Where Family Businesses are Particularly Vulnerable
- CEOs remain 6 times longer in family businesses than in public companies
- 90% of the CEOs are related to the founding family and change is not anticipated in 90% of these cases
- 55% of boards meet only once or twice a year; 20% NEVER meet
- 70% have NO written strategic plan
- 90% rate growth in net profit as the most important financial measure
- 35% of the companies have no debt; another 35% have debt less than 25% of equity
Based on these aspects, family businesses are likely to develop attributes that may be more negatively prevalent in them:
Possible Psychological Reasons:
- Paternalism fosters loyalty, dependence and uni-dimensional thinking.
- Heritage imposes guilt on successors trying new things—dynasty wins over business rationale.
- Past success breeds self-satisfaction and hence denial of new realities.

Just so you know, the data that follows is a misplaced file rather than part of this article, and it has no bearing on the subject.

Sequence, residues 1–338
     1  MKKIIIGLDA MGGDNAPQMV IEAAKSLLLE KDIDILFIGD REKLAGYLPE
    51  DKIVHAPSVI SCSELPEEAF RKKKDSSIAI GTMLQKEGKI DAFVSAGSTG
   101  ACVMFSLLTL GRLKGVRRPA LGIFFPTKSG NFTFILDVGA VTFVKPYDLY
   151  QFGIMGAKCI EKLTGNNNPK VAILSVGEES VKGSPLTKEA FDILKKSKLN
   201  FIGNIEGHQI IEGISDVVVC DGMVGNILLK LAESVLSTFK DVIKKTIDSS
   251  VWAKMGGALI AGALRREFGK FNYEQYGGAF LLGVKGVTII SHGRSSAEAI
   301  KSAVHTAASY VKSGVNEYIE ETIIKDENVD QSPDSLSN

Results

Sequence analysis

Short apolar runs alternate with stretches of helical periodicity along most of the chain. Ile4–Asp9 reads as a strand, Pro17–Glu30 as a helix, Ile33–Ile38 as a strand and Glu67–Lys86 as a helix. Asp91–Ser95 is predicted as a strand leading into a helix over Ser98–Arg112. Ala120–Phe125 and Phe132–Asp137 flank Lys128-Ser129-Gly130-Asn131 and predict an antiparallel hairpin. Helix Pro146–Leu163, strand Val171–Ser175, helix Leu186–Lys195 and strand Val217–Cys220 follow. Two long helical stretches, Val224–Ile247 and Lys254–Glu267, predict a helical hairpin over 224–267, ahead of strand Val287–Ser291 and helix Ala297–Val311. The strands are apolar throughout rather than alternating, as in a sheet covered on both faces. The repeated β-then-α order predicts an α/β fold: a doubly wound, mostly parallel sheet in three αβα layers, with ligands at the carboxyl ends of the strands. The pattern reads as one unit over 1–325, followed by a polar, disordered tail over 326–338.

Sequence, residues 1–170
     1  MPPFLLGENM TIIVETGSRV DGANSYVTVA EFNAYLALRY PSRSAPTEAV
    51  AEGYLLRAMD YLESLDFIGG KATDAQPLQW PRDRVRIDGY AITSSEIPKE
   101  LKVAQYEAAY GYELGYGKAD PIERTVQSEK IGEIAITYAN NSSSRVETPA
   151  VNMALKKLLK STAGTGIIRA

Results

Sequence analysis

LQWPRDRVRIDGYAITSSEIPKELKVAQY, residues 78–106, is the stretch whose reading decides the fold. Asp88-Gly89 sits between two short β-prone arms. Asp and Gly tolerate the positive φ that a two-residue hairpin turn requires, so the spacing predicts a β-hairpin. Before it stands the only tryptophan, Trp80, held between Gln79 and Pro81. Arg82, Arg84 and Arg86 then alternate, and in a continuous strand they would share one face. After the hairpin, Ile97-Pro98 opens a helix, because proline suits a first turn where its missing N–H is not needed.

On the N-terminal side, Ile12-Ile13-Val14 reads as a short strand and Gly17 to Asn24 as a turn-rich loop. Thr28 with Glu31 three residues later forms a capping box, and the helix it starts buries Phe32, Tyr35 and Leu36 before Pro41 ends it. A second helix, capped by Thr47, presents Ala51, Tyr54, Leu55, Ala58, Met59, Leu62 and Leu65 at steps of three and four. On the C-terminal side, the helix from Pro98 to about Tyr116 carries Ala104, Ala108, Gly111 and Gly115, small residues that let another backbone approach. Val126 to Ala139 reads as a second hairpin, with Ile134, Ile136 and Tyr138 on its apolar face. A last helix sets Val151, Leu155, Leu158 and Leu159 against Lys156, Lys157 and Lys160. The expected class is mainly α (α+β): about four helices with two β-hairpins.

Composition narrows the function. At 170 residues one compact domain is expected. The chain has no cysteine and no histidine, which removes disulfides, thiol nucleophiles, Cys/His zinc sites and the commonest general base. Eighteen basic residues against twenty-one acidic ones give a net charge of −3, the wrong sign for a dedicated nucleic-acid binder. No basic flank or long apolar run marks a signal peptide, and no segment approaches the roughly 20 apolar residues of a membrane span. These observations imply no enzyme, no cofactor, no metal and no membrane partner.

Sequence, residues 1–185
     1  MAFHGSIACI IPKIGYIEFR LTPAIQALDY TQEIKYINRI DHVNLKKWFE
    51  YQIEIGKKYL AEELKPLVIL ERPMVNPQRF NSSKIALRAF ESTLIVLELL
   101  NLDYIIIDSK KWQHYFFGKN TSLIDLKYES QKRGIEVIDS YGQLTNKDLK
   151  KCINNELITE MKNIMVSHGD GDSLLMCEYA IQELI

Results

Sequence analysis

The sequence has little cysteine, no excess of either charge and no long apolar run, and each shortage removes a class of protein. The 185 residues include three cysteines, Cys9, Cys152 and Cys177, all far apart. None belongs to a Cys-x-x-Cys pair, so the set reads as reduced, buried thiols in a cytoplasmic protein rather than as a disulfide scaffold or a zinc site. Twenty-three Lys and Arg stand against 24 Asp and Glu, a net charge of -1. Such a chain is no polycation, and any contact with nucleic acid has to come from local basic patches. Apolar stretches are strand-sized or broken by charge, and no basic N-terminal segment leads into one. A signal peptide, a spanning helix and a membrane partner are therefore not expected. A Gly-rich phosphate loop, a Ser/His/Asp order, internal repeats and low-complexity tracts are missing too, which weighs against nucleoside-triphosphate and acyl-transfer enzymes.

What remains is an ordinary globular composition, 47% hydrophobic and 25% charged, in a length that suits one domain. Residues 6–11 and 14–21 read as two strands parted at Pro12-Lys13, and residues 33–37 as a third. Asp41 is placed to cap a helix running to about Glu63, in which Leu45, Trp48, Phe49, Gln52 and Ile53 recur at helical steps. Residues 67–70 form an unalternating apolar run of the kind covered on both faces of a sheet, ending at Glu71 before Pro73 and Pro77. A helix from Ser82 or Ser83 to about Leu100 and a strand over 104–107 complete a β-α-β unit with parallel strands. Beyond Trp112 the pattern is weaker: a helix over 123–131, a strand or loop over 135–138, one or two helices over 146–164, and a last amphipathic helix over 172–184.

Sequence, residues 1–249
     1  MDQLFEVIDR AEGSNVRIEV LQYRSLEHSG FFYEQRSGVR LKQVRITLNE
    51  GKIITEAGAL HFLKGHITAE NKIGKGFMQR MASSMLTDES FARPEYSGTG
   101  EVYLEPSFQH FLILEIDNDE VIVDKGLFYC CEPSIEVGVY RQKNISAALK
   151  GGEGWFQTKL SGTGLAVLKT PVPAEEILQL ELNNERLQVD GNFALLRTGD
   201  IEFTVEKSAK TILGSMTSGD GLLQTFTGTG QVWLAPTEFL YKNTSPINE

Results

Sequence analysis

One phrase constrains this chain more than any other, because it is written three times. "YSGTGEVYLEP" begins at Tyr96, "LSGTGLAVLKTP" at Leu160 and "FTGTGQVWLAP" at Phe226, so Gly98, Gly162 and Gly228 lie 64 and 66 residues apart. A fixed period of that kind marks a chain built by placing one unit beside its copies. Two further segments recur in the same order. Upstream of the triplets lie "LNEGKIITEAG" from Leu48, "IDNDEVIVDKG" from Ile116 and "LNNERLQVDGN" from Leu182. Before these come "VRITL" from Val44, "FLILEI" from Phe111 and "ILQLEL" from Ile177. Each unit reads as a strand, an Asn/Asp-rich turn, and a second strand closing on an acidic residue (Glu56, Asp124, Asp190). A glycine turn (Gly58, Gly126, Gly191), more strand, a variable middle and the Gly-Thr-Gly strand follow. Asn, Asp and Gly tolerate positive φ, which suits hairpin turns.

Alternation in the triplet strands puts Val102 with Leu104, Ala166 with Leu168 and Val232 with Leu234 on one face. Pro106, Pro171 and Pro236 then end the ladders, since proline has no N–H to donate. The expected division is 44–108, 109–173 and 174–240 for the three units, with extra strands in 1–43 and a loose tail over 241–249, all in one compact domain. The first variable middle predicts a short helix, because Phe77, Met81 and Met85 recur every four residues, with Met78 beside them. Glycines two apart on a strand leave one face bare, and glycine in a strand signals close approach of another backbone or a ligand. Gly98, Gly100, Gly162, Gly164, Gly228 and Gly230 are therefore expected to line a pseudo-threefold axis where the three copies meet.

- Loyalty promoted by paternalism and confidence in past business models generates a homogenous, in-grown management team.
Recommendations to Correct These Attributes—Focused on Externalization:
- Install an independent, challenging board and have it meet!
- Use outsiders in key management roles.
- Find room for some creative, even abrasive people (mix 'out-of-the box' thinkers with problem solvers).
- Compel managers to seek outside stimuli.
Family Businesses have additional problems in implementing innovative change: these can be attacked in a methodical way.